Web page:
Fake news became a massive point of contention in the final days of the election and afterward, with Hillary Clinton calling fake news a "danger that must be addressed" quickly in a speech on Capitol Hill last week.

    The fake news seemed to target Clinton more than Trump, according to analyses of the content, including one by Buzzfeed that found top false articles generated more engagement than top election stories posted by 19 major news outlets, like NBC News, The New York Times and others. Only three of the top 20 performing false stories didn't target Clinton or support Trump, it found.

    Producing fake news became a cottage industry in one part of Macedonia, where NBC News spoke to a teenager who said he's earned $60,000 in six months off of baseless, incendiary posts that mainly targeted followers of Donald Trump, because "Nothing can beat Trump's supporters when it comes to social media engagement," he said.

    Those stories appear to have had real-world effects. Edgar Maddison Welch took an AR-15 rifle and handgun into the popular Comet Ping Pong pizzeria in D.C. in early December, to investigate the a rumored child sex abuse ring purportedly run by a Clinton aide, police said. The store's owner had already been receiving death threats, as the hoax became popular on Reddit and other online forums, before spinning off into fake news stories.

    Trump Supporter, Protester Hug in Court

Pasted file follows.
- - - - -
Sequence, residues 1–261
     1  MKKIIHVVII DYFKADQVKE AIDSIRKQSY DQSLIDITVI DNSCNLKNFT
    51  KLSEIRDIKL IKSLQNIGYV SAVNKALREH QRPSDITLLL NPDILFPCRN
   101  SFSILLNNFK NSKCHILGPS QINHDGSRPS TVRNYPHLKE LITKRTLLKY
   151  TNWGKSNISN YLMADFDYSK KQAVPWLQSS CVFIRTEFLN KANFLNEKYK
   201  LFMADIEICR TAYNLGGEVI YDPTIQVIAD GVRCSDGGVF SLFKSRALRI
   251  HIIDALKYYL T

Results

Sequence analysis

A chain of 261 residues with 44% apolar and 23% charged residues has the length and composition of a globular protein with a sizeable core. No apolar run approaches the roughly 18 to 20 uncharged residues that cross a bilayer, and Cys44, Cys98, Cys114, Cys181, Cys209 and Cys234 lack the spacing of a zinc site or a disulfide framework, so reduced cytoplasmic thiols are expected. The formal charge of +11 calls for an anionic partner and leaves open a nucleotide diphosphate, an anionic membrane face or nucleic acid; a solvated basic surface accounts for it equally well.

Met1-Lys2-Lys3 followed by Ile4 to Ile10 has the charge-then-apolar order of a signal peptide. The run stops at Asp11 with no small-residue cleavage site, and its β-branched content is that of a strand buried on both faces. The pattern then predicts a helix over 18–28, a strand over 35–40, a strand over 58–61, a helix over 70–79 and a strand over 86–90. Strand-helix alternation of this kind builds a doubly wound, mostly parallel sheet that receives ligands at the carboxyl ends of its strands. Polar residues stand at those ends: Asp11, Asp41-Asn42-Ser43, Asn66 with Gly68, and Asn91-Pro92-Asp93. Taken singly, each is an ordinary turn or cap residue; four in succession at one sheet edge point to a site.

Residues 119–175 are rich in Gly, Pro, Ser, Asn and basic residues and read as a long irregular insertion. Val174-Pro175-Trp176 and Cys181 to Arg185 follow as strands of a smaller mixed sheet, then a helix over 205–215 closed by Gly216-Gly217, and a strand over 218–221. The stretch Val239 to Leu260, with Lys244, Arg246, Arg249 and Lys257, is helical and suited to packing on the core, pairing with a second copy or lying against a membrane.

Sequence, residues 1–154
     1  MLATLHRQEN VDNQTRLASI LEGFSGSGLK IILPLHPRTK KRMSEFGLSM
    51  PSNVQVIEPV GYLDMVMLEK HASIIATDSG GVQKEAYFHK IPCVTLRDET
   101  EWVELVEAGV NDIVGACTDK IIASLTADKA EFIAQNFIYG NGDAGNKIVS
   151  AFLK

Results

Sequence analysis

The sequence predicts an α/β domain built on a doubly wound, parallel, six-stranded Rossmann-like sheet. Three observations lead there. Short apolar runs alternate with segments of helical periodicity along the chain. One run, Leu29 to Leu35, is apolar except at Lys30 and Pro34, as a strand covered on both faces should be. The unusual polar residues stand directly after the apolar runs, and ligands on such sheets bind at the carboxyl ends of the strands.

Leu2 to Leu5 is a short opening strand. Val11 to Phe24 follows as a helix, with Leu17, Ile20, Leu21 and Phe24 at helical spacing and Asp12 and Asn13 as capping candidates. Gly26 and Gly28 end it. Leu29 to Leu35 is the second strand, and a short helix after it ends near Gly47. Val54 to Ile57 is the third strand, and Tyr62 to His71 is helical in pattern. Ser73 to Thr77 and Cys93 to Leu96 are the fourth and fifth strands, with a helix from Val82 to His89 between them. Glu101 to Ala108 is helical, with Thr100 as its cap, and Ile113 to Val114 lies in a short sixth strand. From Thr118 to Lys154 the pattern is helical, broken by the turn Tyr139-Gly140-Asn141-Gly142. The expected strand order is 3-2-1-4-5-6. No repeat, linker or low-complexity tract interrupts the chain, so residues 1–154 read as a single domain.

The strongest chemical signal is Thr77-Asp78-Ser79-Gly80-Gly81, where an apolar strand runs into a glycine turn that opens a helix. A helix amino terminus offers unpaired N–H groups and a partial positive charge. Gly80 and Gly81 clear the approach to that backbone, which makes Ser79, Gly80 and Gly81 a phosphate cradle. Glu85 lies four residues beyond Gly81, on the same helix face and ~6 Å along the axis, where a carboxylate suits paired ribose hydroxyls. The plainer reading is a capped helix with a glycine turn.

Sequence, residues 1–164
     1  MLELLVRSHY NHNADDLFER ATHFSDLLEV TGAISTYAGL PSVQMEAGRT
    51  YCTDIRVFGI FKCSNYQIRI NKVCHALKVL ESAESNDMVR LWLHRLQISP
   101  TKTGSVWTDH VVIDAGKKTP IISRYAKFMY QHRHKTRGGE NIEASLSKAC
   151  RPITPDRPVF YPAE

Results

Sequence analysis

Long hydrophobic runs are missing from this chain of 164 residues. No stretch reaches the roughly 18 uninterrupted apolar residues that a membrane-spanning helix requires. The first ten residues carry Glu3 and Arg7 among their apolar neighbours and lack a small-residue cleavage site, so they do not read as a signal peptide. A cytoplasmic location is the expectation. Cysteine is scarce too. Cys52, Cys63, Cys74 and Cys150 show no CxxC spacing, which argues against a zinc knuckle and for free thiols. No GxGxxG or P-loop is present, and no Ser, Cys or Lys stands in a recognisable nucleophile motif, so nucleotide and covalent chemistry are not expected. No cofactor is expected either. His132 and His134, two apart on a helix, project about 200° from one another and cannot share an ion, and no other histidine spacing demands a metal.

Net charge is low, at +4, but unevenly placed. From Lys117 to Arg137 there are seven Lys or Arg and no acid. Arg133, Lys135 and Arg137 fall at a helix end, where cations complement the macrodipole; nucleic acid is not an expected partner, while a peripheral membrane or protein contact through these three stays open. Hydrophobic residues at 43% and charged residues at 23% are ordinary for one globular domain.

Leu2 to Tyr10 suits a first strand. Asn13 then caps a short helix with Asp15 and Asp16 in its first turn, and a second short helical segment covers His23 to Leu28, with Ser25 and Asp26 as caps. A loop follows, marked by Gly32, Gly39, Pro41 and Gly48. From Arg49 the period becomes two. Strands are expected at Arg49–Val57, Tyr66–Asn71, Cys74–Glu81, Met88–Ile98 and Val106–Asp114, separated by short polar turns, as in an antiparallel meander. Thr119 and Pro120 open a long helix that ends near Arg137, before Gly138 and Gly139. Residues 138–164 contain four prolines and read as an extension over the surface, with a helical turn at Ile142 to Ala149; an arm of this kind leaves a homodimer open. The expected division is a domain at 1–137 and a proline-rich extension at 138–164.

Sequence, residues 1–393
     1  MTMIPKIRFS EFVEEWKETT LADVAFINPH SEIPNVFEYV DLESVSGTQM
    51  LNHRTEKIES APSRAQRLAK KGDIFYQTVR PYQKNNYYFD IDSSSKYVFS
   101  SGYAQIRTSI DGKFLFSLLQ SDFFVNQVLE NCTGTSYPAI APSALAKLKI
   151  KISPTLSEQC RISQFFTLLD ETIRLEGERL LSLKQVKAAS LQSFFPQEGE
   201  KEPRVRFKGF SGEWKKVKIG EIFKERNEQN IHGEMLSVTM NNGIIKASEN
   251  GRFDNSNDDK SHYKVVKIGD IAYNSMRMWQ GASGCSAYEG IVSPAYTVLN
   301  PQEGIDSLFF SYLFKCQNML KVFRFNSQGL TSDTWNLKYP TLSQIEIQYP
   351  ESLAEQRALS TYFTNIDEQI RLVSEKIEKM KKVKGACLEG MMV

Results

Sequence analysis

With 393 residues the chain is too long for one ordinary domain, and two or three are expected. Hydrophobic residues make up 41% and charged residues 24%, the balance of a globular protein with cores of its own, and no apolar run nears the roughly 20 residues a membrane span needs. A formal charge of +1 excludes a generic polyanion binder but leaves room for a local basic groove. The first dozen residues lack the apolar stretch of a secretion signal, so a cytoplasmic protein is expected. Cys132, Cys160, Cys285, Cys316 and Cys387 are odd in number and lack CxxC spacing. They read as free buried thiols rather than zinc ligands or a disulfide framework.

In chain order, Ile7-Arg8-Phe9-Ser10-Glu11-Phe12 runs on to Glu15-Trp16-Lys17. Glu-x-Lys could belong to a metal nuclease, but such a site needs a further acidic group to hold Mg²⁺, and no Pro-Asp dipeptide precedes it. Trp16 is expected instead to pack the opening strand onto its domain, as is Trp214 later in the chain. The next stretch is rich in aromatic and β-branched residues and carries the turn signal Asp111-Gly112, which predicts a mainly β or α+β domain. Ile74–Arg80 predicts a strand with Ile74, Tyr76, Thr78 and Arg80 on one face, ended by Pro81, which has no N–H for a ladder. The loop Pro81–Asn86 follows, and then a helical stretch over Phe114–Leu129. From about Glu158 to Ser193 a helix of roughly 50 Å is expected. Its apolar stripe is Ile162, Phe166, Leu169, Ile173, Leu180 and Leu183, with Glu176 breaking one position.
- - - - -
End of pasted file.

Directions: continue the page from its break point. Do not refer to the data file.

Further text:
[NATL] Trump Supporter, Protester Hug in Court
    A man accused of hitting a protester at a Donald Trump rally in North Carolina in March pleaded no contest. John Franklin McGraw got a 30-day suspended sentence and a fine. He was accused of hitting Rakeem Jones. The two hugged and spoke in court. (Published Thursday, Dec. 15, 2016)

    Welch discharged his rifle, but no one was hurt, police said. He later told a New York Times reporter that his "intel on this wasn't 100 percent."

    CEO Mark Zuckerberg has said he doesn't think fake news swayed the election, and Mosseri told The New York Times Thursday he doesn't believe the feed directly caused people to vote for a particular candidate: "the magnitude of fake news across Facebook is one fraction of a percent of the content across the network."

    Americans are split on whether fake news should be limited by social media, according to a McClatchy-Marist poll of just over 1,000 adults out Thursday. Fifty-three percent said it should be up to users to determine what information is true, while 41 percent said Facebook and Twitter should be responsible for preventing false information from spreading. 

    A higher portion of those surveyed by Pew — 71 percent — said social networking sites and search engines bear a great deal or some responsibility for preventing their spread.

    According to that poll, only 15 percent of people are not confident in their ability to spot fabricated news. But many have difficulty differentiating fake news from real, according to a recent Stanford study of students across the country.